Wayne Attwood left a successful career in advertising to dedicate more time to his art. The bold move came after time as Creative Director of a national advertising agency.
He left it all behind in 2004 to sail around the Atlantic and Mediterranean with his wife in their yacht Hitrapia, reigniting his passion for painting and discovering new sources of inspiration.
A protracted period in Malta led to lasting contacts: Wayne is represented by a gallery there, and his portfolio reflects the inspiration he found on his travels. During his time on the islands he participated in exhibitions for the Prime Minister and President of Malta.
St John’s St, Valletta
Back to Birmingham
Wayne returned to the UK in 2011 and has split his time between the Midlands and the Mediterranean ever since, saying:
‘I am constantly seeking to capture the light and the culture of the countries I experience through my travels. I’m also fascinated by the everyday environments we inhabit; how we all connect through a mutual experience of these shared spaces. It’s why I’m drawn to urban, social, and cultural subjects as motifs.’
The artistic process
Wayne creates a series of detailed topographical drawings and studies from direct observation before producing his studio paintings, referring to a variety of sources for each work.
His works featuring Birmingham reflect his love for the city of his birth, and he is never without a sketchbook.
‘Even if I’m out for a coffee,’ he says, ‘I end up having to draw someone.’
His paintings often reflects the broader social milieu. ‘Everyone has a story,’ he adds.
In 2012 Wayne was awarded a ‘Highly Commended’ at the Bath Prize, and election to the RBSA followed shortly after. He has progressed through the ranks to become Vice President in a relatively short space of time.
Between 2013-15 Wayne was artist-in-residence at the New Street Station and Grand Central redevelopment, after finding himself drawn to the building works and the progress for Birmingham they embodied.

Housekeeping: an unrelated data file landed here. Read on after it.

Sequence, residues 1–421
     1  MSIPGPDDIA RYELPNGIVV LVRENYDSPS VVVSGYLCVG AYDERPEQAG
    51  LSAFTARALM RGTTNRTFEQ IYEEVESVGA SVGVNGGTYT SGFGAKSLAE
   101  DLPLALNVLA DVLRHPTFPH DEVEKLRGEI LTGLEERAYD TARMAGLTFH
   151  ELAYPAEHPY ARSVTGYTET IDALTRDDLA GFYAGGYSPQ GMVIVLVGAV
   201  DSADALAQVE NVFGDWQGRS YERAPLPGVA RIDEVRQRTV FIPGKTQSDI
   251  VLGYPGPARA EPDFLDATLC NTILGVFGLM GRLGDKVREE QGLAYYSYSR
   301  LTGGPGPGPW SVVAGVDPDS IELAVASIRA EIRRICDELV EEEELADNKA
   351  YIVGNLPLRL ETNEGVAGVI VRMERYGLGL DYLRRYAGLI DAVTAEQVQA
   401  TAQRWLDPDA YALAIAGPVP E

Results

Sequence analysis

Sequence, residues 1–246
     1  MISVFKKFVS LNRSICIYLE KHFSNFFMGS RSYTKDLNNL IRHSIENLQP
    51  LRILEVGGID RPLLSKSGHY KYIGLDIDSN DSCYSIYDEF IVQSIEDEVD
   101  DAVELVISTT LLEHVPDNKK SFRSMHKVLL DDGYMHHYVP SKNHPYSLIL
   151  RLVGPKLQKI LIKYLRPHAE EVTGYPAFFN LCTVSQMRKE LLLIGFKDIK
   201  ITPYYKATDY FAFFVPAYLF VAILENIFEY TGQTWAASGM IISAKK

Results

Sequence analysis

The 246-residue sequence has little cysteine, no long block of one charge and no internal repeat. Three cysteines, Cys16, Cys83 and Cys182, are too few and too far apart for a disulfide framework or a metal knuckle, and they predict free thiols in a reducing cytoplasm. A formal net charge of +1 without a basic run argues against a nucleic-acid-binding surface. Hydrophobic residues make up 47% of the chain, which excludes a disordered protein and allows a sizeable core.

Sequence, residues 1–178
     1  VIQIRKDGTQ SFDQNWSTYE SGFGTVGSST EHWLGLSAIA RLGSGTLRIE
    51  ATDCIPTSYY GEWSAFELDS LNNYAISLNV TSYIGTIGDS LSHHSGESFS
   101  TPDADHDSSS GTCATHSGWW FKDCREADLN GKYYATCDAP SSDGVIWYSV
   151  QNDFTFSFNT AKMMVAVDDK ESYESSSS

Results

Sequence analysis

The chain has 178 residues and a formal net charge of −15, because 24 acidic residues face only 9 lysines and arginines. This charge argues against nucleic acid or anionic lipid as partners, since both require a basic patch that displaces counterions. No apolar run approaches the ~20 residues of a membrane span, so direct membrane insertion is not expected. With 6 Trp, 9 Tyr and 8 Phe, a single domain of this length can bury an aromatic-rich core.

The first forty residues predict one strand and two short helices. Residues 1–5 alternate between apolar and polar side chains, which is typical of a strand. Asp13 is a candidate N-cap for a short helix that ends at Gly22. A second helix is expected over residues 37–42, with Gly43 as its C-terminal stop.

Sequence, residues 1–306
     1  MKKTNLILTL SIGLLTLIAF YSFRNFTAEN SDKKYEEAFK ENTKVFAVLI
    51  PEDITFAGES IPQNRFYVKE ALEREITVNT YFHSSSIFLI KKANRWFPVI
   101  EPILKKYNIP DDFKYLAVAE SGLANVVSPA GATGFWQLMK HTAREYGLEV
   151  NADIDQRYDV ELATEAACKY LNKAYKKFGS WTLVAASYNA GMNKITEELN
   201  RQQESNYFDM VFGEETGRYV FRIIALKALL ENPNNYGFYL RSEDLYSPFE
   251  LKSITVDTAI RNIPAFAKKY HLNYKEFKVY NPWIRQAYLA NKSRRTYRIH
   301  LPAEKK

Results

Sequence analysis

John Lewis Steel Work
‘I was kicked off more than one station platform whilst trying to paint, so I approached the redevelopment team to see if we could come to a better arrangement, and the residency was born.
‘I was allowed access to the site, complete with hard hat and high-vis jacket and produced a series of works for the relaunch.’
The benefits of the RBSA
Wayne sees huge value in being part of a Society like the RBSA, because it brings him into contact with other artists.
‘Being a painter, by its nature, can be quite solitary, especially when spending long hours in the studio.
‘The RBSA has given me the opportunity to meet and discuss ideas or projects with other artists.
‘These interactions have helped move my practice forward; it is difficult to be creative in a bubble, and so I value the RBSA as a hub for contemporary visual arts.’
A major exhibition featuring the life and history of Birmingham’s Jewellery Quarter is now on, featuring Wayne’s work.
Around the Jewellery Quarter offers a fascinating glimpse into the people, workplaces and historic locations of the district upon which much of the city’s industry was built.
Wayne is leading a sketching workshop at Winterbourne House and Garden, on November 2.
Find out more about details and booking.